3.2 Vaccination campaign
The National COVID-19 Vaccination Plan entails a progressive, voluntary and cost-free vaccination process for all the population. The concept of cost-free must be viewed from two perspectives: first, because, as mentioned earlier, the Coronavirus National Plan of Action has included universal access at no cost in case of coronavirus-related health problems; and second, because throughout its history the National Vaccination Plan has been free for the target population of each respective vaccine. Thus, vaccines against the coronavirus, which are part of the National Vaccination Plan, are also free.
3.2.1 Vaccination timetable and target population
The vaccines have been made progressively available for all Chileans and foreign residents, including those in the process of regularizing their situation, and for that reason, priorities were established depending on the risk of developing serious symptomatology. Accordingly, as a first step those individuals in high-risk groups were vaccinated, and then other groups as established by the authorities. The process is also reviewed depending on the number of available doses and the pace at which the vaccines arrive in the country. In order to organize this information, every week a vaccination schedule is released guiding the population as to when their turn to be vaccinated is.
The goal established by the government is to immunize 80% of the target population (which only excludes minors under 16 years of age) by the end of the first semester of 2021. By 20 May 2021, 9,582,096 people had been vaccinated, 7,689,742 of whom with two doses, which represents 50.2% of the target population vaccinated with two doses. The goal is still considered achievable, even as vaccination numbers fell in April, which, according to the Ministry of Health, was due to a temporary drop in the available stock of vaccines and the need to ensure the second doses. The first problem was corrected with the arrival of new Pfizer vaccine doses in late April and additional procurement of four million CoronaVac vaccine doses. Additionally, an announcement was made that the Oxford AstraZeneca vaccine had been approved for males aged 18 years and above, and that an agreement for the CanSino-Saval vaccine had been signed.
In Chile, vaccination of pregnant women was not recommended at first. The first international reports did not have enough data on pregnant women and, therefore, did not consider them a high-risk group, which is why they were not included in the vaccination process. Yet, on 18 April 2021 the Ministry of Health released the first segregated data on the number of pregnant women who had been infected, hospitalized, admitted to ICUs or died of COVID-19-related causes. Faced with that, the government scheduled the vaccination of pregnant women to begin in May 2021. Likewise, on 21 June the country began vaccination of boys, girls and adolescents aged 12 and above, who had initially been excluded for lack of evidence regarding the safety of the vaccines for this age group, a situation that was reversed by authorization of the Institute for Public Health (ISP), specifically for the vaccine produced by pharmaceutical company Pfizer, prioritizing socially vulnerable boys, girls and adolescents, or those with underlying comorbidities.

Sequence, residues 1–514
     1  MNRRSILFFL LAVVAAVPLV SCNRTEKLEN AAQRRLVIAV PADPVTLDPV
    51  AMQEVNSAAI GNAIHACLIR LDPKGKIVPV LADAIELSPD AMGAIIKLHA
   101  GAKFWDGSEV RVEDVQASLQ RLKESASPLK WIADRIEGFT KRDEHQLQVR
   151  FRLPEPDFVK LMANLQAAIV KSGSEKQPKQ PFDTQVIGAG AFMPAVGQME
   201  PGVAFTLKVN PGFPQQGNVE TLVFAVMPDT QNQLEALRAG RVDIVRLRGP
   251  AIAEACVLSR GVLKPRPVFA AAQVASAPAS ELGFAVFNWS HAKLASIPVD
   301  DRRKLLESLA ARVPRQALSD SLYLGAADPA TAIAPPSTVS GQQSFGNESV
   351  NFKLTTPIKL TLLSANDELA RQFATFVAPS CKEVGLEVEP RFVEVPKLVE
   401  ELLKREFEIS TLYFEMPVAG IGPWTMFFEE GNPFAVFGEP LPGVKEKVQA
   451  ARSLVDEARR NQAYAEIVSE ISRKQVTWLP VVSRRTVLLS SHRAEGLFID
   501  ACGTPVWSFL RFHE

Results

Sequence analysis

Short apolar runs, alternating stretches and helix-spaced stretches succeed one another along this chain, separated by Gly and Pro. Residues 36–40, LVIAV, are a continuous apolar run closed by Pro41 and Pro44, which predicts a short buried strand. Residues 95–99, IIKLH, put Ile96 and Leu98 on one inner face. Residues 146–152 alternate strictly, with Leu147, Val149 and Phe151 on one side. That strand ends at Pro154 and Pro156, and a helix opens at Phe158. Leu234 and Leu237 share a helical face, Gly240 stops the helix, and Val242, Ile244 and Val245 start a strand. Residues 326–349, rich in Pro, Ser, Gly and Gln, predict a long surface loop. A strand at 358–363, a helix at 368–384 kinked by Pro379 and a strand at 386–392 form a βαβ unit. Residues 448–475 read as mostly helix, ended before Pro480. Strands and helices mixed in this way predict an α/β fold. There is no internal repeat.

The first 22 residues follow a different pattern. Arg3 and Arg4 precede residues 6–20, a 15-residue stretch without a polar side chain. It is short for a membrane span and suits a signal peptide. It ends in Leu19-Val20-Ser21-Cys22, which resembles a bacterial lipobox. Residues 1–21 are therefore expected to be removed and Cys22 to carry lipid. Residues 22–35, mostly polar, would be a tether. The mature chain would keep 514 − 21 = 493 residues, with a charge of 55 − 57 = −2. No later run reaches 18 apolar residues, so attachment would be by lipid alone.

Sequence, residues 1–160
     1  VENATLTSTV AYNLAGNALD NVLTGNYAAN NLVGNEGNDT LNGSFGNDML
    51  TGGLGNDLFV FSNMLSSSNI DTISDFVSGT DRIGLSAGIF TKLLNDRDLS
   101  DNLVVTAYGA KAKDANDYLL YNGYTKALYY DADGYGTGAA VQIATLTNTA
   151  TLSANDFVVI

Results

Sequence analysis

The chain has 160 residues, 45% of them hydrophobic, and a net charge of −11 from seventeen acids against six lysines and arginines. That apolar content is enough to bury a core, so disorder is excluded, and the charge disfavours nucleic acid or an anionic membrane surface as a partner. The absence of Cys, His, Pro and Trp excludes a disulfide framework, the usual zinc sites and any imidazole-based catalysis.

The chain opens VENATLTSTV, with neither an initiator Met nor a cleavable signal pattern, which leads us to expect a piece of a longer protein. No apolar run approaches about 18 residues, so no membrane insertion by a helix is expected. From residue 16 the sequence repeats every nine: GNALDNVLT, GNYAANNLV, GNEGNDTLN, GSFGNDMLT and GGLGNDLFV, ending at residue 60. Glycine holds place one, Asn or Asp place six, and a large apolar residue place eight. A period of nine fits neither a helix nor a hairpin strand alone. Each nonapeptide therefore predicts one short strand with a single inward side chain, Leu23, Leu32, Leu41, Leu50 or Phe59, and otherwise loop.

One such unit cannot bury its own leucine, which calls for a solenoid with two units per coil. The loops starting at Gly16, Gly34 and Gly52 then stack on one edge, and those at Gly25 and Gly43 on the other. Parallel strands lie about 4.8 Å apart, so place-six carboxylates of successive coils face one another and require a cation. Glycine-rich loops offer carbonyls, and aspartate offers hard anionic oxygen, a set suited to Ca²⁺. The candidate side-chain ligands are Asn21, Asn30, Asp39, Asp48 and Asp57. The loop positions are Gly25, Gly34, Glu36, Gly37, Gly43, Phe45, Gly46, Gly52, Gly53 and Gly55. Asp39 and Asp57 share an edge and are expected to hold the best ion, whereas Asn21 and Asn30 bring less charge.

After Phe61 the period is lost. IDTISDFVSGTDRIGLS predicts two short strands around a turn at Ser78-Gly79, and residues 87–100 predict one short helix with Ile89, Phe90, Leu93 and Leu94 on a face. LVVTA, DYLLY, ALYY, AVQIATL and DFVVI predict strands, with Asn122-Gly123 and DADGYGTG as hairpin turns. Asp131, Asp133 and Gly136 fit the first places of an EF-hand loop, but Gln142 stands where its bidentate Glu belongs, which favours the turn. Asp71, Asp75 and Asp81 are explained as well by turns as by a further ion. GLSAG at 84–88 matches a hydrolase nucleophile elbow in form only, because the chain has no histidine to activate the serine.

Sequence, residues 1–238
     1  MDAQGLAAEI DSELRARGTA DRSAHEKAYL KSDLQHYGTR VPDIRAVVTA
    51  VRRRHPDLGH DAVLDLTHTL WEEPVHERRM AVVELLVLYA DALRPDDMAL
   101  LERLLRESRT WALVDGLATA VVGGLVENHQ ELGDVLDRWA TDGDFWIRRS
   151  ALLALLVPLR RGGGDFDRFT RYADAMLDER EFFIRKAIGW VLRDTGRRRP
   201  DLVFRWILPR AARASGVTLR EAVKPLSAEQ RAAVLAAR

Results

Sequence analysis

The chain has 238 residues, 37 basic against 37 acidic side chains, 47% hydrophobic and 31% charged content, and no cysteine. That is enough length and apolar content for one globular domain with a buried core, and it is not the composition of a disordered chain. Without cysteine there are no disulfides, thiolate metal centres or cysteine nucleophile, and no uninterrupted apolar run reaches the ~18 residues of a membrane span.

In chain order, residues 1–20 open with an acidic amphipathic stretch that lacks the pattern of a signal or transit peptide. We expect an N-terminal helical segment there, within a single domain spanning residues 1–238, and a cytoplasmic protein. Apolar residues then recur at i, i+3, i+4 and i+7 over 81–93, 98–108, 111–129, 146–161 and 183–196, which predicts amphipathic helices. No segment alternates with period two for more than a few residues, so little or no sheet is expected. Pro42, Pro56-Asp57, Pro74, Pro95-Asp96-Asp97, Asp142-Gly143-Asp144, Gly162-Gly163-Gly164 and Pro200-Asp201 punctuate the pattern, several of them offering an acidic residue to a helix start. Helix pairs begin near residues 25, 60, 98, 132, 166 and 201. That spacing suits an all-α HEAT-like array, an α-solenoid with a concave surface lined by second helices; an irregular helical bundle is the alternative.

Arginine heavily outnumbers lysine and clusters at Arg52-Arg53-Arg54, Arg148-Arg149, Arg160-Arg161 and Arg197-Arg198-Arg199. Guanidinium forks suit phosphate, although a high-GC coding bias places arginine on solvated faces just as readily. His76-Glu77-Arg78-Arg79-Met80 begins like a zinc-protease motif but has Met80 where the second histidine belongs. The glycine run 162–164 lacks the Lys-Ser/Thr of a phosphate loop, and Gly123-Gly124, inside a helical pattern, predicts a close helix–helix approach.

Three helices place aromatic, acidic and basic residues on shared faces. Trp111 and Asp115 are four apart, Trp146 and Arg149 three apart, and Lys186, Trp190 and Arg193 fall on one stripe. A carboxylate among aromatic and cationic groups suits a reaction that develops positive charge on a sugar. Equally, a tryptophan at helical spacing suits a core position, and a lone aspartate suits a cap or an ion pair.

Lastly, as this report was being finished, Pfizer announced the likely need for a third dose within six months of vaccination to ensure immunization. That will surely mean calendar adjustments because so far Pfizer is the second most inoculated vaccine in Chile. The Ministry of Health stated that it had received no official information by that time, but its scientific advisors were being consulted.
3.2.2 Social acceptance of vaccine and citizen perception of the vaccination
Vaccination against the coronavirus is not mandatory in Chile, thus citizen perception weighs heavily on the inoculation process in general.
The total number of vaccinated people descends according to the age factor. As important as availability is, other aspects related to the social perceptions of the population also exert some influence. In this regard, in December 2020 the Central University of Chile prepared a survey to measure citizen perception of the level of confidence in the COVID-19 vaccines. According to the survey, 91.1% of the respondents were in favor of vaccination, yet with varying degrees of support depending on the timing of the vaccination process and the laboratory developing the vaccine. Of the two vaccines approved in the country at the time of the survey, 38.8% trusted BioNTech, whereas 9.7% trusted CoronaVac. Only 8.8% of the respondents stated they would never get vaccinated.